TheLegacy of Nursing`s History: Linda Richards
TheLegacy of Nursing`s History: Linda Richards
Nursinghas benefitted from several and unique individuals who have workedtirelessly to see the advancement and improvement of the profession.From the times of Saint Fabiola to those of Nightingale, these peoplehave triggered astronomical transformations in a field that wasrelatively new in the world (Strout, 2012). Linda Richards is amongthe nurses that have propelled the profession to great heightsthrough a series of initiatives and there is a need to examine herlegacy and the contributions she has made to the field of nursing.
Backgroundand Major Social Issues
Bornin 1841, Richards was the youngest daughter in her family.Unfortunately, her father died when she was very young, and, hermother, Betsy, followed after a few years. Both were suffering fromtuberculosis. During the time her mother had been sick, Richards hadnursed her until her departure from the world in 1854. Later, Lindaalso had another patient, her fiancé, named George Poole. The manhad been wounded in the infamous American Civil War and was under thecare of Richards until his death in 1869 (Nursingtheory.org). Allthese personal losses led Richards to decide to pursue nursing as hervocation. In fact, when she enrolled as a teacher and taught for sometime, her heart had never settled and was always thinking aboutbecoming a nurse all along. Indeed, it was an objective she laterachieved. Richards is purportedly the first professionally trainednurse in the United States.
Ontop of that, Richards lived in a time where wars and social unrestswere common. Therefore, it can be claimed that nursing was a criticalprofession. For example, the American Civil War had very manycasualties that needed serious interventions from the nursingcommunity. Unfortunately, it was a time in which nursing was not asorganized as it is today. It was mostly an informal profession, andonly a few individuals had received any reliable training in thefield. The Crimean War also took place during this era and neededthese nursing services.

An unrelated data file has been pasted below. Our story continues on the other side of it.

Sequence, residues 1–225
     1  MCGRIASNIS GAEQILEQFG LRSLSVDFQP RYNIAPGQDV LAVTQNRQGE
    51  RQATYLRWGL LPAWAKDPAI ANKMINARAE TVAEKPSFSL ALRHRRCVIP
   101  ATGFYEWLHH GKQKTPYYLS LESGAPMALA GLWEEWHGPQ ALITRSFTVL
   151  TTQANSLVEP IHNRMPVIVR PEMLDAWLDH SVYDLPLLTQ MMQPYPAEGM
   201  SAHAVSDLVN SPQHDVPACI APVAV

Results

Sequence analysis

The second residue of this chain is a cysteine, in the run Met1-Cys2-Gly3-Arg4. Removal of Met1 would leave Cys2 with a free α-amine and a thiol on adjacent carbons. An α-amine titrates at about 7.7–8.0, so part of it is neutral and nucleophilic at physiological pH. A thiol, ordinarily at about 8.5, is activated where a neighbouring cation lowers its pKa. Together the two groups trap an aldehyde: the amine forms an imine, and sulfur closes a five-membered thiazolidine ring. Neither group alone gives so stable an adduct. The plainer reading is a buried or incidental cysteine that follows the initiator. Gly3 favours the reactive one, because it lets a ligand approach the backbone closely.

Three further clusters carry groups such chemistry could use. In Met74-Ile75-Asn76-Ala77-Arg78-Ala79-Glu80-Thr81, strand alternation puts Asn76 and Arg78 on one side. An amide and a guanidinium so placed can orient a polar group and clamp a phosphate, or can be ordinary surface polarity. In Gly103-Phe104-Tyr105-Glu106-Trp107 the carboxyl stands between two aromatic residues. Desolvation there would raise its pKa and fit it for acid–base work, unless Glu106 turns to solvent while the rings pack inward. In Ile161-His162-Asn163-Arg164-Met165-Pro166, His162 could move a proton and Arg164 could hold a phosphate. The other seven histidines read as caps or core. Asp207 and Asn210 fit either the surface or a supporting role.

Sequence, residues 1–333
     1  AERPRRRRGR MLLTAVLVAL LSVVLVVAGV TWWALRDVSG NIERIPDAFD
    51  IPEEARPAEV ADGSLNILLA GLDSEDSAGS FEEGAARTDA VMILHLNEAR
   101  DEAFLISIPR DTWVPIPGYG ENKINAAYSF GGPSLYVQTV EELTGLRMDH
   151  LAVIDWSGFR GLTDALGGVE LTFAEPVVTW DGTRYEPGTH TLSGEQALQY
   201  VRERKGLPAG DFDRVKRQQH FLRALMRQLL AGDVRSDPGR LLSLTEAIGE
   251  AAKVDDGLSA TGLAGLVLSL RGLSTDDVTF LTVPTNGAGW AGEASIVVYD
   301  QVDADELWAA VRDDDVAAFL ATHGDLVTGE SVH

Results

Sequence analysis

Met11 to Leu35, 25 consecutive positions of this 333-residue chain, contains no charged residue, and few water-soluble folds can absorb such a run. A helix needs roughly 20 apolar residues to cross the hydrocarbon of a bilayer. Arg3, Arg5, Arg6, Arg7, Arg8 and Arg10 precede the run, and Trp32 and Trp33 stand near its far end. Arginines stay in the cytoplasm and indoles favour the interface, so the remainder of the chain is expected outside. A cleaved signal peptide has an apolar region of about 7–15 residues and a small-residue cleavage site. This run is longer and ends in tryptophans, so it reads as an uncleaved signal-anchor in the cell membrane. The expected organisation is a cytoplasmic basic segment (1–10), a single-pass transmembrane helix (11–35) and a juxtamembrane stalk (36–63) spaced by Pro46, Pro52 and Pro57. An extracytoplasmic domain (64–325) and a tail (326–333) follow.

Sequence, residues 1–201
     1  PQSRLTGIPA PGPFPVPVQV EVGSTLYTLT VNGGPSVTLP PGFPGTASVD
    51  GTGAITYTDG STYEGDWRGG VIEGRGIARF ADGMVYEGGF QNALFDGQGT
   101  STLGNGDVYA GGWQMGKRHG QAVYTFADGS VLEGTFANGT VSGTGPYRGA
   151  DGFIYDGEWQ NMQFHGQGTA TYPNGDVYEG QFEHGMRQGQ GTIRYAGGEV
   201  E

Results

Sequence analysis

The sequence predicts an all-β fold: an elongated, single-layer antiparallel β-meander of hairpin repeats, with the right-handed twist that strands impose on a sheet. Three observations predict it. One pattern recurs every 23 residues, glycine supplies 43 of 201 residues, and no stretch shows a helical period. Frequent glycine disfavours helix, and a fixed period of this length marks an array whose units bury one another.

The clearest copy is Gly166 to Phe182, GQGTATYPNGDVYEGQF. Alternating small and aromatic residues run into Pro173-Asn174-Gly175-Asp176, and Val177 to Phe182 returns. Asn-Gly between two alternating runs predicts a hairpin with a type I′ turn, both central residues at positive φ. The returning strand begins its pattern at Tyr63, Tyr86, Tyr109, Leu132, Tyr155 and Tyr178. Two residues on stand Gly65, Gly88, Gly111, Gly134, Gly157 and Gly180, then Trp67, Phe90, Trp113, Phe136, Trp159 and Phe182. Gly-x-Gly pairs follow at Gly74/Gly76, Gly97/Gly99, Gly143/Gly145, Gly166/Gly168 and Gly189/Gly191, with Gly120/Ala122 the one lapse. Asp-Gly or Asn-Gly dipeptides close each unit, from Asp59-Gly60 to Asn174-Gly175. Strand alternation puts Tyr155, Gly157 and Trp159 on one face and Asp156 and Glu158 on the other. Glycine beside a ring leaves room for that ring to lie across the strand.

Duringher career, Richards became an icon of professionalism and excellencedue to her achievements and can be remembered for her remarkablecontributions to the nursing profession. One of these contributionsis the introduction of an organized way of recordkeeping for eachhospitalized patient. Previously, there was nothing like a personalrecord and nursing practitioners could not trace the medicalhistories of their patients (Catalano,2015).In that case, it was hard to establish any health patterns or diseasehistories. Richards’ innovative move transformed recordkeeping andpromoted efficiency in the hospital environment as far as patients’information was concerned. All improvements that were later made inthe area of recordkeeping in the healthcare environment were foundedon Richards’ innovation.
Anothercontribution was the establishment of unique nursing trainingprograms in various regions globally, notably in Japan and the U.S.Richards spearheaded and supervised the implementation of theseprograms and ensured that they had reliable and professionallybefitting curricula that could produce highly-trained professionalnurses into the market. The first years of Kyoto’s DoshishaHospital were under her close supervision (Nursingtheory.org). Shewas physically presented during any major events in the school. Richards later became the president of the society governing nurses’training in the U.S, now known as the National League for Nursing.